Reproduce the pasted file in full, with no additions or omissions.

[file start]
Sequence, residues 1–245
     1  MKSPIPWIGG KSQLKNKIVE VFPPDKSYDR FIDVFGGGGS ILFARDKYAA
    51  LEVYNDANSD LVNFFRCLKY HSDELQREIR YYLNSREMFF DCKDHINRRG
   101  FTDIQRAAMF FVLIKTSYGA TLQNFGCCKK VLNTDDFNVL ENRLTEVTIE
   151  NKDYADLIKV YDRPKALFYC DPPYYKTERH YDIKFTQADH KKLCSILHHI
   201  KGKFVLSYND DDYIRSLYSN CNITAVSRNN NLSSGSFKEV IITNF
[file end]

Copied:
Sequence, residues 1–245
     1  MKSPIPWIGG KSQLKNKIVE VFPPDKSYDR FIDVFGGGGS ILFARDKYAA
    51  LEVYNDANSD LVNFFRCLKY HSDELQREIR YYLNSREMFF DCKDHINRRG
   101  FTDIQRAAMF FVLIKTSYGA TLQNFGCCKK VLNTDDFNVL ENRLTEVTIE
   151  NKDYADLIKV YDRPKALFYC DPPYYKTERH YDIKFTQADH KKLCSILHHI
   201  KGKFVLSYND DDYIRSLYSN CNITAVSRNN NLSSGSFKEV IITNF